Ever got a flyer that just fails to capture your attention?
Spent more than 5 minutes at a website and still don’t know what it’s all about?
Or seen any marketing materials that leave you bored, blur or just plain bleh?
Chances are they failed to answer some key questions each of us are psychologically tuned to ask.
It goes by many names, but I think the one that most marketers use is 4MAT. Essentially, it’s four squares coming together to form a bigger square, and there’s a clockwise flow to it.
Let’s take a look at each quadrant and why each of them plays a critical role in your marketing material design. Yes, websites, flyers, brochures, video script and more. This 4 stages applies to ALL marketing materials, and you’ll soon see why.
#1. Why – The Purpose Question
Nail this question, and 80% of your battle to win a prospect is done. For all informed buying decisions, your prospects must know why they are engaging your services or buying your products. And here’s the trick – the more subtle you get them to ask the Why question, the more effective it is.
For you to get into the minds of your customers, that requires research. You need know their pains, frustrations, goals and ambitions. You give them the purpose so they don’t have to ask question like “But why do I need this anyway?” (Frankly if your prospect ask you that question, it’s probably they Why answers are not being presented properly, or they are just not your target market.)
Here are a few examples of purpose statements:
- Insurance | No matter what life throws at you and your loved ones, with us by your side, you know that you’ll always have peace of mind.
- Software Solutions | We make project management easy, so you can focus on things that really matter.
- Health Products | This one-minute habit will improve your immunity by over ten times, and you can kiss the flu bye-bye.
- Education | Give your child the edge to compete in the fast-changing world.
- Multimedia Productions | Creating video campaigns that stops your customers in their tracks, no matter what they are doing.
#2. What – The Clarity Question
Ok, now that you’ve got their attention, the What question is usually asked by your customers because they want to know more in greater details. Here’s where you can outline the benefits of your products and services, and also hover over some of the features. Remember, you may have their attention, but that doesn’t mean you should stop selling. As a matter of fact, every feature you have should be bound to a benefit for them.
Here are a few examples:
- Professional Training | Our low participant-to-trainer ratio ensures that your participants get the attention they deserve, and also to create an environment that’s safe to voice out.
- Healthy Foods | When we serve you your meals, know that all the ingredients used to prepare it comes straight from our backyard. That’s how mom ensures we get healthy meals all the time, and we are keeping her promise.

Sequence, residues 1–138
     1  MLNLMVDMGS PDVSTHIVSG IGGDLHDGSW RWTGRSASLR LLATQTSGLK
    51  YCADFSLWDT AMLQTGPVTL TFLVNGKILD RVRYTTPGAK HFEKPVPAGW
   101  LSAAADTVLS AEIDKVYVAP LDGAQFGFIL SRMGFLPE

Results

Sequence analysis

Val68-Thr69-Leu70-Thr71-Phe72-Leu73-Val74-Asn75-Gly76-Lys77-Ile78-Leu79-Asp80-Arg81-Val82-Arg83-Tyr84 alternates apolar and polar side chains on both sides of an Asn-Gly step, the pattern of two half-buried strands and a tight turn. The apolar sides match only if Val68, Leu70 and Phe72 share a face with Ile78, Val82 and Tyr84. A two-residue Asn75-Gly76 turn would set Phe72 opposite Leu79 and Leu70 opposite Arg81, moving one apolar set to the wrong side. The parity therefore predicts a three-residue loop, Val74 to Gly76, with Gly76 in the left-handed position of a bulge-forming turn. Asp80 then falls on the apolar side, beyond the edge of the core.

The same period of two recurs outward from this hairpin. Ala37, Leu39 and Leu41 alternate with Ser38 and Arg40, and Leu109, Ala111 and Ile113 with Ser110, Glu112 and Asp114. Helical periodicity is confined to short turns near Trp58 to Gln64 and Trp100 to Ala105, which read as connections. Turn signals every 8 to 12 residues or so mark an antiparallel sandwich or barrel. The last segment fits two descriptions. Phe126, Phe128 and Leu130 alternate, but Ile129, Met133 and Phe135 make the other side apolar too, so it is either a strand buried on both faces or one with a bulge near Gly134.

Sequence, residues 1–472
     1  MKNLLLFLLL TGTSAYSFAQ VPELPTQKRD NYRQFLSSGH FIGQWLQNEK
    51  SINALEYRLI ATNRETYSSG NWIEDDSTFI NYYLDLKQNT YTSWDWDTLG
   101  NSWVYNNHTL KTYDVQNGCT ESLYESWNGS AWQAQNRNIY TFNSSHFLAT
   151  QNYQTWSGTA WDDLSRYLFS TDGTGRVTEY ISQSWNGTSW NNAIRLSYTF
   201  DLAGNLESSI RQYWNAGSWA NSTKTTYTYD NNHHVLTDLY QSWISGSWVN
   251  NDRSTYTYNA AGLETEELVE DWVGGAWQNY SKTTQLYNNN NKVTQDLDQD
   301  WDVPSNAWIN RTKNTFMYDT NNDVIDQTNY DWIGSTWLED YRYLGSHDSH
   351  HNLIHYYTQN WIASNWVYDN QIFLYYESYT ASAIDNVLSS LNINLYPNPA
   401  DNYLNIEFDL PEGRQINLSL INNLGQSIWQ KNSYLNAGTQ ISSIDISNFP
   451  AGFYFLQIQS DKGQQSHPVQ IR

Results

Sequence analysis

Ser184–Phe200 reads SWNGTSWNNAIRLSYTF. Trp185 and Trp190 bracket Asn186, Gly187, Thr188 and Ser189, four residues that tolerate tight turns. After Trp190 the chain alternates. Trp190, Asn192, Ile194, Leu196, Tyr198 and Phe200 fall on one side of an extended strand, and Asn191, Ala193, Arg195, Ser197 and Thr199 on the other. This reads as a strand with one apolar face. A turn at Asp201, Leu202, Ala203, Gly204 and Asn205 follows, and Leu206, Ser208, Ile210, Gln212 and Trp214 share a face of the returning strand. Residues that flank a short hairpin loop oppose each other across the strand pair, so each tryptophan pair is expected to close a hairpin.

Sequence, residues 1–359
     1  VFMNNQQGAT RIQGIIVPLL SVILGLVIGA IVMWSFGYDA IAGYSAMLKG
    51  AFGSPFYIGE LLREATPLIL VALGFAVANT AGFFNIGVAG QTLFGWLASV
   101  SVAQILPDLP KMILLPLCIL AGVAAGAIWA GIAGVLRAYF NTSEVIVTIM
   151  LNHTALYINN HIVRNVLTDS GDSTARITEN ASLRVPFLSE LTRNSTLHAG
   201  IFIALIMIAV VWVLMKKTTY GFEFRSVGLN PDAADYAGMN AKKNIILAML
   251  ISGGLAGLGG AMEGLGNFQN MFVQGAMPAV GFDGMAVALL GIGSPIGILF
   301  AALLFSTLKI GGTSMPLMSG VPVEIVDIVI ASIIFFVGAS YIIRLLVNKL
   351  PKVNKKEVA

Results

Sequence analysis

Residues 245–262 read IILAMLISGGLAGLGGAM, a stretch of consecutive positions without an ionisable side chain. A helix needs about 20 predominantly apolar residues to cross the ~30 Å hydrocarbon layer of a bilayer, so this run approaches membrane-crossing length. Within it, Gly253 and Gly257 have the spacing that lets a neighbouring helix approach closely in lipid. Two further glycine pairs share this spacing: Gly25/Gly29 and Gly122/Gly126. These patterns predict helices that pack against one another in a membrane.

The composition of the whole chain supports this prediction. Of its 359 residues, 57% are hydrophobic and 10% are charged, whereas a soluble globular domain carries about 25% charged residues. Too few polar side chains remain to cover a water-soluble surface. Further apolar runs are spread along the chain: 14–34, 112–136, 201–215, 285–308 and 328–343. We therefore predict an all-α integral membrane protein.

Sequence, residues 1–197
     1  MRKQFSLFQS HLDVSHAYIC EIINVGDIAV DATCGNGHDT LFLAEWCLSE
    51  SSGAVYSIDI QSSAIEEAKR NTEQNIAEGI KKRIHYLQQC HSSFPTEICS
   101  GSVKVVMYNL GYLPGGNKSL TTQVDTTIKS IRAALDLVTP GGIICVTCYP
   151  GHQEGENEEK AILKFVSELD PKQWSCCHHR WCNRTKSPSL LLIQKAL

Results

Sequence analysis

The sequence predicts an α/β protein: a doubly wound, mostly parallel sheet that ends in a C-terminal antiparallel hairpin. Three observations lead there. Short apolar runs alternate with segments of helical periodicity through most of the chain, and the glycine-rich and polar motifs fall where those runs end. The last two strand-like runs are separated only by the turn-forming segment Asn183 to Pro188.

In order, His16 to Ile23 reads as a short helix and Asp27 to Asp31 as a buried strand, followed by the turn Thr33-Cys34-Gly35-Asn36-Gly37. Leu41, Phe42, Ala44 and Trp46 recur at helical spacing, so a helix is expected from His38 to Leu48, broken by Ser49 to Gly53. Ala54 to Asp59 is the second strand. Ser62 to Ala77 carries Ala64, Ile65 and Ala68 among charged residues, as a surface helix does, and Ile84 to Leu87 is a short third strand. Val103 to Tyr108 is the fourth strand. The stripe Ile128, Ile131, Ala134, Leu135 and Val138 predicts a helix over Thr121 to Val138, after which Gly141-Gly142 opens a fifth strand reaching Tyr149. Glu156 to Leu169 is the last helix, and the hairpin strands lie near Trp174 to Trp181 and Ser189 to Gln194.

- Website Design | By using WordPress, you are essentially future-proofing your sites from hacks, so that it remains functional regardless of the situation.
- Auto Servicing | We use only top line parts, so you don’t have to worry each time you take your car on the road.
- Furniture | When you pick any of our furniture, right down to a simple chair, do know that we source from the best timber in Indonesia, and that means it’s meant to last for generations. Imagine your grandkids sitting on the very same chair as you reminiscent your tales of glory.
#3. How – The Mechanic Question
Here’s where it get’s interesting, but if your prospects read, view or listen this far, they are interested. It means they are excited by your Why Statements, pleased with the details they get from What, and now they want to know the process you’re going walk through with them.
One of my favourite example is the award wining low-budget airline, AirAsia, which tagline is “Now everyone can fly”. With a tagline like that, it’ll be idiotic to ask a Why question, i.e. Why would I want to fly? The natural line of question would fall to “What do I need to do?”, or simply, “How?”
In the How section of your marketing materials, it’s a smart move to include contents like:
- Process Flow
- Solution Matrix
#4. Call-To-Action – The Action Question
Ah, here’s where you ask for the sale. After the Why, this is the second most important part. Not that you should neglect the What and How section, but seriously, if your prospects read, view or listen till here, they are definitely interested to be sold to. Go ahead and ask for the sale!
Of course, sometimes they could be at the tipping point, the fence. That’s where you can include some words to create urgency, like:
- Get yours today!
- For Only $99!
- Limited seats left!
- Exclusive offer
- Only for the next 48 hours
So there you have it. The next time you design a marketing materials, regardless what form it’s in, just ask yourself these four fundamental questions, and you’ll probably got all the bases covered.